By Anar Ali. Viking Canada, 246 pp, $32, hardcover.
There’s an unusual brand of magic realism at work in this debut story collection by UBC creative-writing grad Anar Ali. Okay, strictly speaking, there’s no magic realism at all, but let’s relax the literary borders a moment and allow some free movement. A little blending never hurt anyone.
The magic half is apparent in the stories set in East Africa. (Ali was born in Tanzania.) In “The Weight of Pearls”, Shamshu is not like his loud, rude brother. Fatima sees this and tries to reassure him: “?”˜They’re not like us,’ she whispered, and then led him away.” Difference plays a pivotal role in Ali’s stories; some characters yearn for it, but most fear and fight it. Shamshu, buoyed by Fatima’s limpid love, finds the courage to shun her—he will be like them!—through his newfound ability to live for periods underwater. He has become a human on shore and a fish at sea. Baby Khaki in the title story similarly straddles two worlds: although human, she can nonetheless fly. Her nurse, Aisha, discovers her “pushing her way out of her baby-hammock, wings unfurled, flapping vigorously, and her mouth sucking the air as if it was a flaccid breast, desperately trying to fill her belly”. Aisha is sure Khaki’s parents will blame her, and she steels herself to return Baby Khaki to normalcy by any means: punishment, home surgery, kidnapping, or witchcraft.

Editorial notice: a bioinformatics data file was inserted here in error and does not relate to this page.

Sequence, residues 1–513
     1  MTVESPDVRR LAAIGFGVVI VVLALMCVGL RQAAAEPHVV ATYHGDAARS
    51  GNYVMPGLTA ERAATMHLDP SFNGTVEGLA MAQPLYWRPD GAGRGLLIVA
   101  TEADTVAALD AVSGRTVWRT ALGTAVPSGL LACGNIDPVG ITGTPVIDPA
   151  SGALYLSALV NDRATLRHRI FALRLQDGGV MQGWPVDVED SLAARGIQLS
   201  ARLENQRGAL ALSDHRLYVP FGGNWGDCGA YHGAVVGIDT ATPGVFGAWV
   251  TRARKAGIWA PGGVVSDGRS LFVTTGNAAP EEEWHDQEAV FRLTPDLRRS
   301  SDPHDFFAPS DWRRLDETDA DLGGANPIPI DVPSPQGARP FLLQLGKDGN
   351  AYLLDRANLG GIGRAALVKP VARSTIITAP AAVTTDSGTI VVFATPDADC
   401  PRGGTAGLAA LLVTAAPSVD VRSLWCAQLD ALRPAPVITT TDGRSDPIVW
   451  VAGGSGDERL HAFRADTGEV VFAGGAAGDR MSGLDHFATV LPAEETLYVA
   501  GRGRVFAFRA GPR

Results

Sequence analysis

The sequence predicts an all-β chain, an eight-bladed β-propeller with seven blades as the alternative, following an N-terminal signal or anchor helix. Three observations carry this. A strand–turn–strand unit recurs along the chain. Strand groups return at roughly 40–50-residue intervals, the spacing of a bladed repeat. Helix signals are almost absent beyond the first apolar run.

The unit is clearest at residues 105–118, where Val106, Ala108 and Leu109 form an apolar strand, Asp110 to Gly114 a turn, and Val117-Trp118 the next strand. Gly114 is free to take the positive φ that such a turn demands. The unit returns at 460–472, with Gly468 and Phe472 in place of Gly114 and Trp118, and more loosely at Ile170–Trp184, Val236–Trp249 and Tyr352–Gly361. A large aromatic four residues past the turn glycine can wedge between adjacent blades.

The realism half is apparent in the stories set in Canada. (Ali grew up in Alberta.) Her intrepid refugees, displaced from East Africa, Southeast Asia, and the Middle East, settle in Western Canada, surely an exotic locale by their experience. There, they apply themselves to the most magic trick of all: patriation. The climaxes that mark these stories speak to a quiet heroism, even as the narrators tend to come off as embarrassments or eccentrics or malcontents. The widow Zera’s hardscrabble daily ritual making food for the affluent Ismailis of Calgary is unforgettable; proud, indomitable, and faintly ridiculous, she is a fully realized and remarkable testament to our stubborn need to survive, every bit as admirable and fallible as Ruby, the real-estate agent who won’t take no for an answer in “Open House”, or the long-suffering gas-station owner Mansoor in “A Christmas Baby”. These are characters who straddle worlds. Ali’s confident renderings of them are magic indeed.
Anar Ali appears at the Vancouver International Writers Festival on October 19 at 1 p.m. and 8 p.m. at Performance Works.